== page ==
Making a bit of a change in my personal approach to writing about tea. Hubby and I are cutting back on doing tea reviews, with the very capable assistance of our buddy Little Yellow Teapot & the Tea Gang (they will be having their own tea adventures on the side). We’ll be finishing off reviewing samples on hand and then be very selective on any further samples we accept. There are just so many tea review sites out there (and a new one just starting) that we feel the need to address a very different side of things: tea knowledge.
|A tea factory from their video.|
One thing that got us rankled and spurred us on to make this change was a video from Bigelow Tea that I saw on LinkedIn by the merest chance. Here the vendor claims their teas are “hand-crafted” in Sri Lanka. “Hand-crafted” is another buzz term to get you, the tea drinker, to think “better,” “worth a higher price,” etc. Again, this is not an ethical approach to marketing (rather odd from a company stressing their “ethical partnerships” and support of “fair trade” with the tea growers/processors). My article about every tea vendor slapping “artisan” on their teas, which is an unethical approach to marketing that takes advantage of a lack of tea knowledge in their target market (basically, you), shows another such deception.
The intro text that the company posted on LinkedIn about the video: “Third generation CEO Cindi __ of __ visits Sri Lanka which produces some of the world’s finest teas. Join Cindi as she visits some of the factories that have been producing hand-crafted fine teas for her family business for nearly 70 years.”
There is no way that the teas coming out of a tea factory like the ones shown can be classified as “hand-crafted.” Anyone who has visited various tea processing locations in China, Taiwan, Thailand, Japan, and India will certainly know what I mean here. Even I, who have learned of these things from afar, know the difference. The goal for me, therefore, on this blog will be transitioning from reviewing teas and writing more light articles about tea enjoyment to some real useful information for you, the tea drinker, to get the really good deal.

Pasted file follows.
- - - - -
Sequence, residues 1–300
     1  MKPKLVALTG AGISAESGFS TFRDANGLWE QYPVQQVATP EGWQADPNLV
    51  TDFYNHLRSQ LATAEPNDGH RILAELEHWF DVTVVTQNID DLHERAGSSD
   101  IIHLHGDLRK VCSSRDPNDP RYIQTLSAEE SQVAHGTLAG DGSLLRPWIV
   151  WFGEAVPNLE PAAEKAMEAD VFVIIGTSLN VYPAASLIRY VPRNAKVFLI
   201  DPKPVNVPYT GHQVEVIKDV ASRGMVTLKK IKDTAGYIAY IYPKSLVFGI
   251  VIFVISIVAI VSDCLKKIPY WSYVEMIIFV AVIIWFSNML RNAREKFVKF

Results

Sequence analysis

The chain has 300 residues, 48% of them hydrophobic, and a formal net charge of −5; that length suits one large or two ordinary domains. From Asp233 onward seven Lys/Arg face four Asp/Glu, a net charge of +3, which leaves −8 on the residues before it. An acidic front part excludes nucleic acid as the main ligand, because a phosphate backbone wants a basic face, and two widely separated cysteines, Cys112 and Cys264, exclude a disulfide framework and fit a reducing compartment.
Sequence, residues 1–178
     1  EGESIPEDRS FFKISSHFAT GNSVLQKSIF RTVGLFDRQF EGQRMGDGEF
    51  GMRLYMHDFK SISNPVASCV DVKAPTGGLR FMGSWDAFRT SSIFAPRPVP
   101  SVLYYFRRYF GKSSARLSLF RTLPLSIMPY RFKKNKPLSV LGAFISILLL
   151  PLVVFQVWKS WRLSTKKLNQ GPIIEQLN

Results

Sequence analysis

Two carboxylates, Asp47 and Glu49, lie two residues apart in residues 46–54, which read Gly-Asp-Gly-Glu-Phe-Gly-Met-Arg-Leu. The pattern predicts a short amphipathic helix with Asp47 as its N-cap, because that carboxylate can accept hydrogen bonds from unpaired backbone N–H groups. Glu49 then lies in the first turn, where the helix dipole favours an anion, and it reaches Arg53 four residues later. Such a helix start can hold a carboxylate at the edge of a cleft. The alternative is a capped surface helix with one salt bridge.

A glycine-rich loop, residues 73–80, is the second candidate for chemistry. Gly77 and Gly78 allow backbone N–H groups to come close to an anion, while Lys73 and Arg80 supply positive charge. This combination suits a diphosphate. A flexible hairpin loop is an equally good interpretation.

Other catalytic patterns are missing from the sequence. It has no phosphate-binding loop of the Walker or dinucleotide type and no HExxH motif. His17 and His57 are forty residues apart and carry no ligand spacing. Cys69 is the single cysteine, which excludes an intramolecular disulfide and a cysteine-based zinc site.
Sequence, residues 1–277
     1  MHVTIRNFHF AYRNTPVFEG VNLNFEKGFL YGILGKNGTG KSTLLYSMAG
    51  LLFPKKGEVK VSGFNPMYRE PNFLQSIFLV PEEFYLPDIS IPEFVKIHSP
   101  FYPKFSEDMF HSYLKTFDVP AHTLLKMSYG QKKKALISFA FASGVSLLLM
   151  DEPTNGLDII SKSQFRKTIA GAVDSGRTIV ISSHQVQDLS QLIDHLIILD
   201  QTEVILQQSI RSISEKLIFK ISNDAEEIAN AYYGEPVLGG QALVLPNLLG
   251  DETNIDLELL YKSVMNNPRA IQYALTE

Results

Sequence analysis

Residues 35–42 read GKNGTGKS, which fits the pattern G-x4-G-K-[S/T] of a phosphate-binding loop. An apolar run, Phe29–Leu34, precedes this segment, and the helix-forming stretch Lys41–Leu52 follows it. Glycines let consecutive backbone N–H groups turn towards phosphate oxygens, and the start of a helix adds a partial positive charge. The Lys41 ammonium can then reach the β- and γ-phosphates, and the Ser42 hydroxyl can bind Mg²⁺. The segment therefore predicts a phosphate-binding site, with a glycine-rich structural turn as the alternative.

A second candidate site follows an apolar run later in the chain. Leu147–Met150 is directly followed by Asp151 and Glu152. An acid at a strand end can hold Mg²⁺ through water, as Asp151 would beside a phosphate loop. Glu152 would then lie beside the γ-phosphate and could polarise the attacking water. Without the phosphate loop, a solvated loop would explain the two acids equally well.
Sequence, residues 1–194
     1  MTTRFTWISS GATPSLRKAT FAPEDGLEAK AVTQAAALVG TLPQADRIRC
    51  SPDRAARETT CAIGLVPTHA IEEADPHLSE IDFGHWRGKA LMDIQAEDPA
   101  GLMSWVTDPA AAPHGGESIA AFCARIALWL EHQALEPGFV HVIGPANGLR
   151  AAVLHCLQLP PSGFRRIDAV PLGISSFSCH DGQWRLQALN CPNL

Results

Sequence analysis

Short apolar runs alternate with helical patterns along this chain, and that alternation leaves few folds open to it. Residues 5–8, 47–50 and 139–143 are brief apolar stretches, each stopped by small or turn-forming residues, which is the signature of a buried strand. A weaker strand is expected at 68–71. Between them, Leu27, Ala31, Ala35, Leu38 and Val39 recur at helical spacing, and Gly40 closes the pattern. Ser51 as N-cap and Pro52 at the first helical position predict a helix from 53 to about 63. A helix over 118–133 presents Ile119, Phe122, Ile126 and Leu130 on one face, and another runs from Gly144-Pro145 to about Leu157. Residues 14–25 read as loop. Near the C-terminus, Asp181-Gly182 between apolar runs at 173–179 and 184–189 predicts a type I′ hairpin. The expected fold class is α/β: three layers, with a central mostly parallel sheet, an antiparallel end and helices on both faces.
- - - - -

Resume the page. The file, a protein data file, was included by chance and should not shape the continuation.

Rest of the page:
As for “hand-crafted,” that will be another article, and I’m not picking on anyone here. I want to be sure to get all the facts straight and consult with some of the more knowledgeable tea processors out there. Meanwhile, beware of any tea vendor who makes such claims, especially when most of their teas are sold as dust in bags.
A note about tea reviewing: hubby and I have discovered that few of the teas we have been sent are truly exceptional (most tend to be versions of the same thing that are a little better or worse than another version); what has been truly educational is seeing the different approaches to selling tea, the various claims being made (a lot of it just hype), the marketing tricks employed, how open they are with their customers about themselves and their products, and how they react when such things are pointed out.
© 2014 A.C. Cargill photos and text